With it being on Netflix, I’ve been rewatching Community, a tv show I really love (and have been writing about on this blog for basically as long as it’s been a blog). Watching it again, for the first time since it aired, is a fun process. There’s a lot that I’ve forgotten, there’s a lot of jokes I missed, and I’m struck by how normal the show starts off. Seriously, its hook in the beginning is that its a sitcom that’s very aware of the tropes and pop-culture that’s influenced it and pays homage to them all, and then by season three it’s become an ode to storytelling in all its ways that plays fast and loose with the format. It’s wild just how much the show loves story, and how it finds a variety of ways to tell different sorts of stories (action, romance, mystery, fantasy, documentary) within its central conceit of taking place at a community college. Honestly, it’s brilliant.

It’s also a very mean show.

Okay, stay with me. Some sitcoms are mean, some are kind. The Office leans towards mean-ness, where a lot of the conflict is the cast being set against each other. Parks and Recreation is a super kind show, there’s little comedy/conflict that has characters antagonistic towards each other. How I Met Your Mother tends towards mean, The Good Place towards kind. There’s nothing inherently bad about one or the other, different sorts of comedy. Bob’s Burgers and Brooklyn 99 come down on different sides depending on the episode. And Community is a very mean show.

Characters are pitted against each other, though often not just for the sake of it but as an extrapolation of their flaws. Circumstances aren’t particularly easy for them either, and characters are often put in places that force them to make tough choices or confront harsh truths about themselves. It’s not gentle by any means, and often it seems like the world is out to get them.

Let’s look at the first episode of Season 5, “Repilot.” At the start, we’re reintroduced to Jeff Winger, a lawyer once more but transformed by Greendale Community College into trying to be a decent human being (and lawyer). Unfortunately, he sees his office being cleared out and himself out of a firm. A prospective case sends him back to his alma mater, where he finds his former study group in dire straits. After convincing them to sue the school, a come-to-Jesus moment has him change his mind. To save Greendale, he ends up taking a teaching position at the school where he was once ashamed to be a student.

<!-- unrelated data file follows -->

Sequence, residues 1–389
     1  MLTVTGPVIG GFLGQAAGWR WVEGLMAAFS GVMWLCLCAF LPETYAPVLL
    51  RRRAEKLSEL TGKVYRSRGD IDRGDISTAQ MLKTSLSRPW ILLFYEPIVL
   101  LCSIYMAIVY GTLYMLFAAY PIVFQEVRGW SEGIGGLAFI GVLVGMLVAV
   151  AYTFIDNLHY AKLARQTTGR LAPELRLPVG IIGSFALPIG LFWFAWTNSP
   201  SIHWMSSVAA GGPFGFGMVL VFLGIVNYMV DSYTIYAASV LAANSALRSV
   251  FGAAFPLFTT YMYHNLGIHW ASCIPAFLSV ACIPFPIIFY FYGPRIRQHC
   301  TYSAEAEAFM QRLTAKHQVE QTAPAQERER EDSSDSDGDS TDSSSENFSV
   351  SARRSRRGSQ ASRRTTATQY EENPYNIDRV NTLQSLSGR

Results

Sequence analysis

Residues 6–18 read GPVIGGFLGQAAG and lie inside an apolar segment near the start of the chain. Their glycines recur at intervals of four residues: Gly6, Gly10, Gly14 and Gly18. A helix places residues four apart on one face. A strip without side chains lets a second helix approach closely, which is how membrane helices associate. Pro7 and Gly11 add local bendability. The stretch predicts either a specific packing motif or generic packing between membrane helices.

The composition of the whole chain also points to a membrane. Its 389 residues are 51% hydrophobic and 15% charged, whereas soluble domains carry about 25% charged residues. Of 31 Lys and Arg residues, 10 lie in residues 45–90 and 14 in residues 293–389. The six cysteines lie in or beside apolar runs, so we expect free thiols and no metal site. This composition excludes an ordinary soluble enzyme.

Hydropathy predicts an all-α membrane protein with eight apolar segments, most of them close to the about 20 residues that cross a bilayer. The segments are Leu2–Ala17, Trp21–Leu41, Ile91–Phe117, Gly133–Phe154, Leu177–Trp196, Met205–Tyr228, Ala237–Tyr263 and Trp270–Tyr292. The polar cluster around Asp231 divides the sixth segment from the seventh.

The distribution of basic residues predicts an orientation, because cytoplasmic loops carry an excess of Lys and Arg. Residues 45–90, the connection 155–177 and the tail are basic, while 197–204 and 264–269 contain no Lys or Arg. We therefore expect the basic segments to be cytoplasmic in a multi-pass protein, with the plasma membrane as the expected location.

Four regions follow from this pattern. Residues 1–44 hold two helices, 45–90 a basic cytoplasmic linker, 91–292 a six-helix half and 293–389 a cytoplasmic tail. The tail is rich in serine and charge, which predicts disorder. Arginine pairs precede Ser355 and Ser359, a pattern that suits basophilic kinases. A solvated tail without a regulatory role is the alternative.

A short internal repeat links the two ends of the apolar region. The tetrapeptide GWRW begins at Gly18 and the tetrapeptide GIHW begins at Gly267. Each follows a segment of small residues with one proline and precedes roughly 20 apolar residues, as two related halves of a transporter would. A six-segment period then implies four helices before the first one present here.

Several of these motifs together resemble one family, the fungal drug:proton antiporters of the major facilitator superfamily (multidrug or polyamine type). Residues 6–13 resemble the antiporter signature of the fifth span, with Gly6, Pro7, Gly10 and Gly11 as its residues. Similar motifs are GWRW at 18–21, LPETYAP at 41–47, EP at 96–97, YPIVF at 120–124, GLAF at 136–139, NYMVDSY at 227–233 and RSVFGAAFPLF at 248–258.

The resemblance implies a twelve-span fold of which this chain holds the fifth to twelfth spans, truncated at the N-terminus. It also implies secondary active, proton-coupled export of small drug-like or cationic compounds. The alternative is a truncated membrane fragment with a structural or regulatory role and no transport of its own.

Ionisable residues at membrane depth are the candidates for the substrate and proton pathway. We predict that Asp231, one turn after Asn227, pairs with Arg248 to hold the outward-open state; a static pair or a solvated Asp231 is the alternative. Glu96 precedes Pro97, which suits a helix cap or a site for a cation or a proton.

This is not a good thing for Jeff. His goal throughout the show has been to get his degree and go back to being a lawyer. Greendale forced him to become a better person, one who won’t go back to his scummy, old firm. In a gentler world, he would be rewarded for this change; the story’s protagonist has come out through his ordeals a better person, should he not now be rewarded for his work?

Nah. That would be too easy. The circumstances of the show force him back to Greendale ready to sue the school, but incidents in the episode force him to reconsider his actions and realize he needs to save the school. It’s not what he wants, and his final decision to go through with the new course of action is a difficult one that he wishes he didn’t have to do.

In this way, it seems the universe of Community is out to get its characters; as if the world (and writers) is almost a malevolent force that pushes people into uncomfortable positions. And it’s funny, oh, it’s very funny to watch ’em squirm. But, notably, Community’s meanness isn’t just for the sake of the comedy. By forcing characters into tight spots, Community forces its characters to grow.

People don’t wanna change. It’s why one of the steps in Campbell’s Monomyth is the Refusal of The Call. It’s Luke Skywalker telling Obi-Wan he needs to stay for one more harvest, it’s Bilbo not wanting to join the party of dwarves. But force a character into a position where they have no choice but to change and change happens. Slowly, but it happens. Community excels at forcing its characters to change by forcing them into situations where their current status quo will no longer serve them.

Community is far, far meaner to its characters than a lot of shows I usually watch. But iron sharpens iron, and Community gets away with its meanness because that’s how the characters develop. There’s a real and genuine progression to characters and their relationships in the show, which is pretty remarkable for a sitcom that revels in postmodern narratives. Perhaps that’s part of why the fourth season fell flat; it lacked that bite.

So yeah.

Community is a fantastic show. Because it’s mean. With a purpose.

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